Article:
It's safe to centralise A&E say Calderdale and Huddersfield NHS bosses

NHS bosses have defended a planned shake-up of hospital services in Calderdale and Huddersfield after safety fears were raised.

Thursday, 7th April 2016, 10:01 am
Updated Thursday, 7th April 2016, 12:36 pm
Calderdale Royal Hospital Accident and Emergency.

Concerns that patients could be harmed by longer journeys for treatment or more transfers between hospitals were raised at a meeting of a council health watchdog.

Calderdale and Kirklees joint health scrutiny committee was hearing evidence on plans to centralise A&E care at an expanded hospital in Halifax.

Huddersfield’s existing infirmary will be knocked down if the plans go ahead and replaced with a smaller site designed for planned NHS treatments.

Up to 300 beds would be added to Calderdale Royal Hospital, which would get a beefed-up A&E to serve the two towns. Both towns would have urgent care centres treating minor ailments.

Speaking at the meeting at Halifax Town Hall, retired eye consultant Colin Hutchinson said it would be harder to respond if a patient’s condition deteriorated suddenly if emergency care was centralised at one site.

He said: “The result would be more days being closed to emergency admissions and patients being diverted to surrounding hospitals.”

Health bosses say the proposals, designed to tackle a £280m funding gap, would free-up beds and make the best use of resources by reducing the need for people to be admitted to hospital.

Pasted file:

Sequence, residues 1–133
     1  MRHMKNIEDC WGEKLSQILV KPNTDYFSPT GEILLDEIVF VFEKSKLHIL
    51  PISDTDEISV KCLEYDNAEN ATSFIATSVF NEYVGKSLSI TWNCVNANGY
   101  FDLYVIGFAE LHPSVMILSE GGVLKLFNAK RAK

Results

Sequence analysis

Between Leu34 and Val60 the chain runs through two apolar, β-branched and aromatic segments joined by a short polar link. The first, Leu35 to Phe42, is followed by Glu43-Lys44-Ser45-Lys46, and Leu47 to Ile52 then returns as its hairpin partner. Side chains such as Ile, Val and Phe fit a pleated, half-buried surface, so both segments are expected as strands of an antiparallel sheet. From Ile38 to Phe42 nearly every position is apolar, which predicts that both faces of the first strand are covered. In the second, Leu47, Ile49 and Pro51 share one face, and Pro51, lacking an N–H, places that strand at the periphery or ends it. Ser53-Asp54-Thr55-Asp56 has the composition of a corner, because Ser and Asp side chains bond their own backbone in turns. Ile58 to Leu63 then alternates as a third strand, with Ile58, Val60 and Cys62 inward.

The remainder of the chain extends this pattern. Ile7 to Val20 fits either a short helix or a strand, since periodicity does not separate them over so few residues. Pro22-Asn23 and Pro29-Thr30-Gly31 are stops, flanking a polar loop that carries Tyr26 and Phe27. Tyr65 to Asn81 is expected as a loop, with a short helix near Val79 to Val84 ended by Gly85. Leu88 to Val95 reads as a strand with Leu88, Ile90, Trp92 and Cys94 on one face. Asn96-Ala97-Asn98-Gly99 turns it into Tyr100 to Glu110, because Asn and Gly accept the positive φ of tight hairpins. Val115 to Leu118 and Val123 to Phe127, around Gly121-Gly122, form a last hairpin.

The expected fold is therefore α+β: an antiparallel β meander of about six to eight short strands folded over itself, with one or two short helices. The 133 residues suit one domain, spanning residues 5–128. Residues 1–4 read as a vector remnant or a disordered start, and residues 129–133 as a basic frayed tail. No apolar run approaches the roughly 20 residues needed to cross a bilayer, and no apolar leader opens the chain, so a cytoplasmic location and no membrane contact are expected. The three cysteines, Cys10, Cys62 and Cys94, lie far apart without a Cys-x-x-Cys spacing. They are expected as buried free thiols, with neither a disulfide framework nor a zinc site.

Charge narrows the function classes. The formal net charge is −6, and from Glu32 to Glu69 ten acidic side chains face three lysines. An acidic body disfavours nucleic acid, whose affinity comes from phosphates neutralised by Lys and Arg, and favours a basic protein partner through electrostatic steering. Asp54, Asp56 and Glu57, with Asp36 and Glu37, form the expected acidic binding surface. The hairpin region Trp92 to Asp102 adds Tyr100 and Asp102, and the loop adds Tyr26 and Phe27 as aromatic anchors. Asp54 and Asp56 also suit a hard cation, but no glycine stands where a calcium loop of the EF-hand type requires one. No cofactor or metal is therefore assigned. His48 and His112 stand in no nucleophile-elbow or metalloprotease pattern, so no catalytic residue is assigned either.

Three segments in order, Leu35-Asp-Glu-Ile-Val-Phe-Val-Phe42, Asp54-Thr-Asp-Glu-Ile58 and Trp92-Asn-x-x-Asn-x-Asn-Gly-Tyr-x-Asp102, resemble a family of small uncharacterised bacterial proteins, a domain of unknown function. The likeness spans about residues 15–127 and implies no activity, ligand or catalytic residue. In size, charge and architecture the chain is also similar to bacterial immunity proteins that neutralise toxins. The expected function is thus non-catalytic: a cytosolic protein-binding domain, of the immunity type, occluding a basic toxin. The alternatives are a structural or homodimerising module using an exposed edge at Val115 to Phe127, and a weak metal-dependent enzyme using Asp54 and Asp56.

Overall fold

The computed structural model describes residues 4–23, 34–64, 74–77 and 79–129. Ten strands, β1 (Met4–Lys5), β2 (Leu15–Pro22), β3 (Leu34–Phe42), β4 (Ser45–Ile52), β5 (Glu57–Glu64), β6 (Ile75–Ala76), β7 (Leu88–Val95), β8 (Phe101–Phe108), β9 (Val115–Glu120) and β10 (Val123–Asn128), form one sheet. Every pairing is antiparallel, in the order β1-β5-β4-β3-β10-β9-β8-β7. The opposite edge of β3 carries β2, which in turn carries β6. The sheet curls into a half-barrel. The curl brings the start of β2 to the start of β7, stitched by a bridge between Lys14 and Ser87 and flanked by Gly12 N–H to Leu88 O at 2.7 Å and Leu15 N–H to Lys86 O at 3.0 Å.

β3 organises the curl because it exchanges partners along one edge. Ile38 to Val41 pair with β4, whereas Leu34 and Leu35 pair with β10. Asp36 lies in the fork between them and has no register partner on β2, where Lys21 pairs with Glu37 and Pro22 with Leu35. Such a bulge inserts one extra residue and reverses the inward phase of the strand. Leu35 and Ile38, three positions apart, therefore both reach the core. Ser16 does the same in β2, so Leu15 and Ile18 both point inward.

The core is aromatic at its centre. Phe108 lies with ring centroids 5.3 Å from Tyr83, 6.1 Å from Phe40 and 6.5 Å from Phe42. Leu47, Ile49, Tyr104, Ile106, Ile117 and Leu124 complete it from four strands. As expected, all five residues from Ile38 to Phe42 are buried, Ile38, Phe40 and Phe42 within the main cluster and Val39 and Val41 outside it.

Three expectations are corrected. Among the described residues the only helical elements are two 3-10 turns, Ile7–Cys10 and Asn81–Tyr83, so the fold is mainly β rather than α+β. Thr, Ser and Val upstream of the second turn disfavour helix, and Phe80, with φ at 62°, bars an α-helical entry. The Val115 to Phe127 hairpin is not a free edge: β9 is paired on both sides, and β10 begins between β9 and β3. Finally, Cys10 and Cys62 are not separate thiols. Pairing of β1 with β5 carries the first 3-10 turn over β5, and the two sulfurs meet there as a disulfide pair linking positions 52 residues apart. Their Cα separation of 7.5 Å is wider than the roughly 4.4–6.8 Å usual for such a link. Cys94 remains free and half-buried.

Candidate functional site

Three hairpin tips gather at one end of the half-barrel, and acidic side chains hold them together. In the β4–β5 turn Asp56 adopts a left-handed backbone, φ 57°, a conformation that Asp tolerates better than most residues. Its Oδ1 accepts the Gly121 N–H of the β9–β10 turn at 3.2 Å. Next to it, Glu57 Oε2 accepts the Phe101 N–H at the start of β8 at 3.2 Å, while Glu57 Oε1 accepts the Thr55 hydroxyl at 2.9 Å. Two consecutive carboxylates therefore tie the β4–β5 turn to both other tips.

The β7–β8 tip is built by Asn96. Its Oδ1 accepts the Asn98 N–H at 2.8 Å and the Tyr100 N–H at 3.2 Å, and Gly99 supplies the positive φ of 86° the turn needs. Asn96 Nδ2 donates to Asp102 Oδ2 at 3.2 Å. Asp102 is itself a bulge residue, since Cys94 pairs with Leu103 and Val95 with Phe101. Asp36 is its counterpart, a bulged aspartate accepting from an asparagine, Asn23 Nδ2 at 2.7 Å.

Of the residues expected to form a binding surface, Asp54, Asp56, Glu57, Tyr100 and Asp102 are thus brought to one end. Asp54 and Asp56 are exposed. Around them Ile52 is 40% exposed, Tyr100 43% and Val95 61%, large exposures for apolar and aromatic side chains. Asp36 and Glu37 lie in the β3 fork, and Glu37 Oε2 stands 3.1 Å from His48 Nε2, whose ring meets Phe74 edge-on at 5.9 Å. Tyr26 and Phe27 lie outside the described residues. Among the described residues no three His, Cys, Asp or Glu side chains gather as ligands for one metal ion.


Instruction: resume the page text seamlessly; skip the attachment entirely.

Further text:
But NHS campaigner Chris Owen was worried about longer journeys to the A&E in Halifax and patients being stuck on the road between the two towns.

He said: “I have been speaking to several high-level clinicians and they are disgusted and thoroughly opposed to these proposals. On that by-pass, that’s where people will die. We have to stop this now.”

Coun Elizabeth Smaje, who co-chairs the committee, asked about women in labour being transferred between the two hospitals after consultant-led maternity services were centralised at Calderdale Royal under a previous shake-up.

Births which are not deemed to be high risk can still happen at a midwife-led centre in Huddersfield.

Coun Smaje said: “How many births have happened during transfer? How many patients have been badly affected or have died because of being transferred between one hospital and another?”

Martin Debono, a consultant gynaecologist at Calderdale and Huddersfield NHS Foundation Trust, said: “We are confident that we have not had any births on the by-pass during transfer.

“We are confident that the reconfiguration of maternity services has not added any risk. In fact we know it has reduced the risks to maternity services.”

Information sessions and public meetings have been organised as part of a 14-week public consultation by Calderdale and Greater Huddersfield Clinical Commissioning Groups (CCGs).

The meeting was told the main concerns raised about the shake-up were travel times and the A&E downgrade for Huddersfield, when big changes to planned care and diagnostics were also proposed.

Dr Alan Brook, who chairs Calderdale CCG, said: “It’s a shame that the agenda has been dominated by these simplified themes.”